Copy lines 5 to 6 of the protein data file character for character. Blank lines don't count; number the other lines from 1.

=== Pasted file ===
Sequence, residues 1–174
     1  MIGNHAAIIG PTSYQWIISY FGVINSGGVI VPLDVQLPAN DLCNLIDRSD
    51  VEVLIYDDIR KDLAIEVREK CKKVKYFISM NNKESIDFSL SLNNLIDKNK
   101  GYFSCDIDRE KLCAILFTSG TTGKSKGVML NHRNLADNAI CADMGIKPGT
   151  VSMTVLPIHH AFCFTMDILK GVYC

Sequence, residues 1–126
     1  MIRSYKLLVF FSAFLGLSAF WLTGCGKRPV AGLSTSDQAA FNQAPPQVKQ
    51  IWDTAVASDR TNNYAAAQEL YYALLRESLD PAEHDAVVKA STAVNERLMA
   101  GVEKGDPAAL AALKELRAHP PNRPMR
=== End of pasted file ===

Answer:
   151  VSMTVLPIHH AFCFTMDILK GVYC

Sequence, residues 1–126